Author Topic: Bike locks  (Read 5998 times)

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Offline cotterg3

Bike locks
« on: April 04, 2011, 09:58:24 pm »
To what extent I lock my bike and secure my gear is an issue I struggle with when planning for a tour.

The bike is my ticket home, so on one hand I'm tempted to bring a heavy U lock with thick long cable for the wheels or to wrap around a tree. On the other hand, even if my bike is well protected, all the gear strapped on the bike can still be easily lifted (and would probably be more irritating to replace than the bike itself) which has me tempted to just go with a smaller cable lock.

I'm curious what other touring cyclist bring with them in terms of locks/cables and how that decision affects the extent everyone is willing to leave their bikes unattanded for short periods of time.

Offline John Nelson

Re: Bike locks
« Reply #1 on: April 04, 2011, 10:15:52 pm »
You might try searching, because this is an oft-discussed topic. The discussion runs long and people come down on all sides of the issue. Simply put, different people have different tipping points between weight and cost and risk and worry.

I think most people agree that how much you protect your bike and gear depends on circumstances, most significantly where you happen to be at the moment. Also keep in mind that locks aren't the only way to protect your gear. You can bring your bike inside, have a buddy watch it, or watch it yourself. With a little effort, you can usually bring your bike into more places than you might expect.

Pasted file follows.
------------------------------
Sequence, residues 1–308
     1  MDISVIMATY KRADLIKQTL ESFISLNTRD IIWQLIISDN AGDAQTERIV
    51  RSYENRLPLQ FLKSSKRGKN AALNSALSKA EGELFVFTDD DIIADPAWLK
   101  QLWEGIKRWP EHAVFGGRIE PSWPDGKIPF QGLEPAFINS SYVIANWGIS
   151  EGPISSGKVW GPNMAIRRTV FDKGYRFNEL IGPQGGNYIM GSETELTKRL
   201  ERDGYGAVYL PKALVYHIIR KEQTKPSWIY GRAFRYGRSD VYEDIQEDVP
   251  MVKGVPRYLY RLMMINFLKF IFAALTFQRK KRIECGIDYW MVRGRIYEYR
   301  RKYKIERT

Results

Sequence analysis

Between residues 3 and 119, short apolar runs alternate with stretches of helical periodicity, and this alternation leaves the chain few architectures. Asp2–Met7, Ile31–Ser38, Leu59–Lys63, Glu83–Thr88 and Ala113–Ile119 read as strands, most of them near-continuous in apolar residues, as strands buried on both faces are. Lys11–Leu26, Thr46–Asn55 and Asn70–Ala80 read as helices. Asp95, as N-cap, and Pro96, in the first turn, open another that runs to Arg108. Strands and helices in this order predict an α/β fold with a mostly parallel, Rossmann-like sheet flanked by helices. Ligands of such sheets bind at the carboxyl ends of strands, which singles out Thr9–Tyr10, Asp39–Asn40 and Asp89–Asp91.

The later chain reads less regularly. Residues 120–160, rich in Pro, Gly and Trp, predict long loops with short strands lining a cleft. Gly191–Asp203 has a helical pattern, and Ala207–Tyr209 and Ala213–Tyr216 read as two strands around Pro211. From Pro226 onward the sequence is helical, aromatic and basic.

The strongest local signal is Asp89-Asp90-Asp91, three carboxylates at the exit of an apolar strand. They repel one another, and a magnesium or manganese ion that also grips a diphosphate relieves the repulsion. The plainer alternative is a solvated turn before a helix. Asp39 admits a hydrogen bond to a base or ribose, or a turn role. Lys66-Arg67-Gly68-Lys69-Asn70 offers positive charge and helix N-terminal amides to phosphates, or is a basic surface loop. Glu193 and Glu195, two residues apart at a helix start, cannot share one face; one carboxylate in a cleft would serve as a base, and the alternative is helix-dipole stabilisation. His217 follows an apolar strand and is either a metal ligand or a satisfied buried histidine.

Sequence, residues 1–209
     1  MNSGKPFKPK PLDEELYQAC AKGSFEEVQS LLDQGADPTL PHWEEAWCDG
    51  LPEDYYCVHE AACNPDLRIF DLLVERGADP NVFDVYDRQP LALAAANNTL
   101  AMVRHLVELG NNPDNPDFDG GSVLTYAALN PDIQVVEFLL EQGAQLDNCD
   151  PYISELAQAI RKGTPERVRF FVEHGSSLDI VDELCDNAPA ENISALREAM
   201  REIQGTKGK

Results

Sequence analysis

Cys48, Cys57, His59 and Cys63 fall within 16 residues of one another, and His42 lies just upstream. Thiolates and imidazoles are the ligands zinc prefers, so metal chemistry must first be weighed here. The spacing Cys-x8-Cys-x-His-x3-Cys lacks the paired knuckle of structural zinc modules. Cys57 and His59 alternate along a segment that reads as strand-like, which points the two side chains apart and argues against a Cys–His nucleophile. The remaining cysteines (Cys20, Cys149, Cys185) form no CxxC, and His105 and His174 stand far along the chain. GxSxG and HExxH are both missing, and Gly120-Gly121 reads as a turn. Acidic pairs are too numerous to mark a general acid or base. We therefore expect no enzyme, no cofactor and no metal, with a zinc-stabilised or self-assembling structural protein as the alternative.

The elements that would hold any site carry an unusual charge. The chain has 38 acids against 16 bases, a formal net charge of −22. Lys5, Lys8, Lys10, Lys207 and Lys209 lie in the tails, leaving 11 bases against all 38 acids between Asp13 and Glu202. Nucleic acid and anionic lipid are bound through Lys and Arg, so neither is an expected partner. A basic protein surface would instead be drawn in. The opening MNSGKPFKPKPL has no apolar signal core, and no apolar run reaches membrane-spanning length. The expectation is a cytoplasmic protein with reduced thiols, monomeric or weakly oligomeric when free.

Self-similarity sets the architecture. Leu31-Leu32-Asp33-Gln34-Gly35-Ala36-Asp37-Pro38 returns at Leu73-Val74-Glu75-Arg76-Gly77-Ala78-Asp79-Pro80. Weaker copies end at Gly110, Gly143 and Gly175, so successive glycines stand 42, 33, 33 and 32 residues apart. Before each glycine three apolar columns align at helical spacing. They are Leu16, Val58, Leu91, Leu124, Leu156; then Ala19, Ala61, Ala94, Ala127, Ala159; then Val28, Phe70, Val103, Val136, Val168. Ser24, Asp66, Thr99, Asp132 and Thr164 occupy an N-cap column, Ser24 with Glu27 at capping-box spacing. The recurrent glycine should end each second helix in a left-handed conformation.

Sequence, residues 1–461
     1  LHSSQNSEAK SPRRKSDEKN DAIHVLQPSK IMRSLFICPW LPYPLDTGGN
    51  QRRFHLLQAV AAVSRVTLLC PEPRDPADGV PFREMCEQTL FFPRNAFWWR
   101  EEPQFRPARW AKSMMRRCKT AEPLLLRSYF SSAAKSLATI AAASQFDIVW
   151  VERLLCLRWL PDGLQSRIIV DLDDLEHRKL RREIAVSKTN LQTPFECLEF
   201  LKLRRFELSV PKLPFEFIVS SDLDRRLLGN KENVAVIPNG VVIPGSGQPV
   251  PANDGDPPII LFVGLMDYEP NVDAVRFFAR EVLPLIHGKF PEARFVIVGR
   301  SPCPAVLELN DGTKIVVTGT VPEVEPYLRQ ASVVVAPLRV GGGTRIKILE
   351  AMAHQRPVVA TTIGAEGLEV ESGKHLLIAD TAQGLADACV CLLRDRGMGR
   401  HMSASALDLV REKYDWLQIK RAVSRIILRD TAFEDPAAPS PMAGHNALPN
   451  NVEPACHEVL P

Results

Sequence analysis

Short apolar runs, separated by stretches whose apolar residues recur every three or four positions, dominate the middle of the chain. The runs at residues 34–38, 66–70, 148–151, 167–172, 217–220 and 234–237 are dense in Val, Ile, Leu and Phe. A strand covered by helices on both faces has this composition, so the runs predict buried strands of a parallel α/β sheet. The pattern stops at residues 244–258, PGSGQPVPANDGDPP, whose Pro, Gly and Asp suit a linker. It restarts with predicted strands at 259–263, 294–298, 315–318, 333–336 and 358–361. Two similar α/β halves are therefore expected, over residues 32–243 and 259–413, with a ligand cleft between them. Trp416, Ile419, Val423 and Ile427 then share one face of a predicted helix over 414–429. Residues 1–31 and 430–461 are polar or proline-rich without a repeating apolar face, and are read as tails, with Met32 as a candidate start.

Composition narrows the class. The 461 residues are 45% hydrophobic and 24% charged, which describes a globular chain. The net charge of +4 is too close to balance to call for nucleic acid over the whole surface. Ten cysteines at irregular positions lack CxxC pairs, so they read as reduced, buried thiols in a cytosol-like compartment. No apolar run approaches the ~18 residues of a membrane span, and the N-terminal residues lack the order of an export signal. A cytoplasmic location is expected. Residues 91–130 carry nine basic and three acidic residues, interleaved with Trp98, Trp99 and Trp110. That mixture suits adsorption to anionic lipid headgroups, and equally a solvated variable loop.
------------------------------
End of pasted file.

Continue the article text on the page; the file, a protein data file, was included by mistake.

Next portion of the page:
There's no perfect answer.

My personally? I lean towards a more minimal approach, with a very lightweight lock and try not to leave my bike in risky-looking places any more often than I have to. I also tend not to worry much in general, so I just sometimes trust in the goodness of my fellow man and hope for the best.

Offline cotterg3

Re: Bike locks
« Reply #2 on: April 04, 2011, 10:55:52 pm »
Ah yes, the search button. I always seem to forget about that.

Indeed it depends. I am looking specifically in the context of 12+ day plus tours where a variety of situations are to be expected (including semi urban areas and touristy spots).

Thanks for your input, I was curious to see if there would be an overwhelming response of either horror stories or 'haven't had a problem yet' responses which may sway my opinion one way or the other. For the record, I typically use a medium gauge cable lock and leave the bike for extended periods during the day, but not overnight.
« Last Edit: April 05, 2011, 01:54:52 pm by cotterg3 »

Offline Tourista829

Re: Bike locks
« Reply #3 on: April 04, 2011, 11:15:26 pm »
I agree, light weight. I use a Saris 8 foot single loop 10mm lock. I like it because I do not need a key to lock it. It is also light weight. I have an Axa style lock to secure the rear wheel on one of my bikes. I thought it worked for short, runs into the convience store. However, in lieu of how easily they can be picked with a finger nail cutter file, I no longer depend on it.

Offline dombrosk

Re: Bike locks
« Reply #4 on: April 05, 2011, 05:34:28 am »
My personality tends in the direction of minimizing risk.  For example, I've never believed the advice that the stock market was a secure place for retirement savings...   ;)

Despite that, before last summer I toured with a lightweight combination cable lock, and tended not to worry. For me, a lot depends upon where I'm planning to ride.

But last summer, during a month of mixed urban/rural touring in Europe, I switched to my usual urban setup of a U-lock with a cable to wrap around front wheel.  On impulse I added a lightweight cable designed to keep my quick release seat attached.  (Akita Seat Leash Cable Lock, 3 oz,  - $4 at REI)